Anger as Banksy painting sprayed in West Bank resurfaces in Tel Aviv
A long-lost painting by the British graffiti artist Banksy has resurfaced in a swank art gallery in downtown Tel Aviv, an hour’s drive and a world away from the concrete wall in the occupied West Bank where it was initially sprayed -- a move Palestinians have branded as theft.
The relocation of the painting — which depicts a slingshot-toting rat and was likely intended to protest the Israel occupation — raises ethical questions about the removal of artwork from occupied territory and the display of such politically-charged pieces in radically different settings from where they were created.
The painting initially appeared near Israel’s separation barrier in the occupied West Bank city of Bethlehem and was one of several works created in secret around 2007. They employed Banksy’s trademark absurdist and dystopian imagery to protest Israel’s decades-long occupation of the occupied West Bank.
Now it resides at the Urban Gallery in the heart of Tel Aviv’s financial district, surrounded by glass and steel skyscrapers.
“This is theft of the property of the Palestinian people,” said Jeries Qumsieh, a spokesperson for the Palestinian Tourism Ministry. “These were paintings by an international artist for Bethlehem, for Palestine, and for visitors to Bethlehem and Palestine. So transferring them, manipulating them and stealing them is definitely an illegal act.”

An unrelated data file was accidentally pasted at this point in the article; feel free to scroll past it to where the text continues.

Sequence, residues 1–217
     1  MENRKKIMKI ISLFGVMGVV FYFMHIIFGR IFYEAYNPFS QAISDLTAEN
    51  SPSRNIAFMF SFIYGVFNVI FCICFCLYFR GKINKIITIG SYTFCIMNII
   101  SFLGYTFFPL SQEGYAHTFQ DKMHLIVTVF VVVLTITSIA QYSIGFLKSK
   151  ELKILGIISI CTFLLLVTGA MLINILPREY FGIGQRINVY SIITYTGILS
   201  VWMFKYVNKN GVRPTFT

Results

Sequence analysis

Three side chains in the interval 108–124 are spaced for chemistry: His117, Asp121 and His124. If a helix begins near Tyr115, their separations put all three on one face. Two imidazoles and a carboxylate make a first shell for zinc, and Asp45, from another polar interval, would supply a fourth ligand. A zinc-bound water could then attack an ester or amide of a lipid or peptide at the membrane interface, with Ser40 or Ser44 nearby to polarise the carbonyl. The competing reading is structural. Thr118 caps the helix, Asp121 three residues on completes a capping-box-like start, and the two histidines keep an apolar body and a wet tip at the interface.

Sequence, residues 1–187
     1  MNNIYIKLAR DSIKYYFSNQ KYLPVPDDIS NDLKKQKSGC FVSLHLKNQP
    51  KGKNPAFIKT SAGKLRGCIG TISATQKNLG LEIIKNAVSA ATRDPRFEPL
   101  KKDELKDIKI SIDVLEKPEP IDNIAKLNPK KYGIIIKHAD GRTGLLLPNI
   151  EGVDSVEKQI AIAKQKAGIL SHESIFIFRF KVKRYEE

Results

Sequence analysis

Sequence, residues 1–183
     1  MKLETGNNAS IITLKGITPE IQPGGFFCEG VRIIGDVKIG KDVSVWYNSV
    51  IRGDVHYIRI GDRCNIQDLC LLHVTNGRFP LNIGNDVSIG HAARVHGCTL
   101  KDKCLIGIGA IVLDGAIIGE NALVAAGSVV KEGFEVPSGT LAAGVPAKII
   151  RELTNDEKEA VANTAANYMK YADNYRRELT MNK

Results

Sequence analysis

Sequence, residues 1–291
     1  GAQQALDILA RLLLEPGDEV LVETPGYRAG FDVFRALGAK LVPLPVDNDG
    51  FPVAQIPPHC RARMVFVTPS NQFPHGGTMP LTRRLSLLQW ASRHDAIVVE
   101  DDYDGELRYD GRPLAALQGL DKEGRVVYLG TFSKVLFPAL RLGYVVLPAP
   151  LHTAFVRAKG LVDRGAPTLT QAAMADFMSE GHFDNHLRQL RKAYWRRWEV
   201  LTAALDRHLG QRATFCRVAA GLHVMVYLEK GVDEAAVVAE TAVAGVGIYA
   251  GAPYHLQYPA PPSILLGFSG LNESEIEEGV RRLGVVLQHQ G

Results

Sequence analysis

“This is the story of David and Goliath,” said Koby Abergel, an Israeli art dealer who purchased the painting, without elaborating on the analogy. He said the gallery was simply displaying the work, leaving its interpretation to others.
The 70-kilometer (43-mile) journey it made from the occupied West Bank to Tel Aviv is shrouded in secrecy. The 900-pound concrete slab would have had to pass through Israel’s serpentine barrier and at least one military checkpoint — daily features of Palestinian life and targets of Banksy’s biting satire.
The graffiti artwork was spray-painted on a concrete block that was part of an abandoned Israeli army position in Bethlehem, next to a soaring concrete section of the separation barrier.
It was not possible to independently confirm his account of its journey.
The piece now stands on an ornately patterned tile floor, surrounded by other contemporary art. Baruch Kashkash, the gallery’s owner, said the roughly 2-square-meter (-yard) block was so heavy it had to be brought inside by a crane, and could barely be moved from the doorway.
Israel's illegal occupation means it controls all access to the occupied West Bank, and Palestinians require Israeli permits to travel in or out and to import and export goods.
Abergel claimed the artwork’s move was not coordinated with the Israeli military, and that his Palestinian associates, whom he declined to name, were responsible for moving it into Israel and crossing through military checkpoints. He said he has no plans to sell the piece.
According to the international treaty governing cultural property to which Israel is a signatory, occupying powers must prevent the removal of cultural property from occupied territories. It remains unclear exactly how the 1954 Hague Convention would apply in this instance.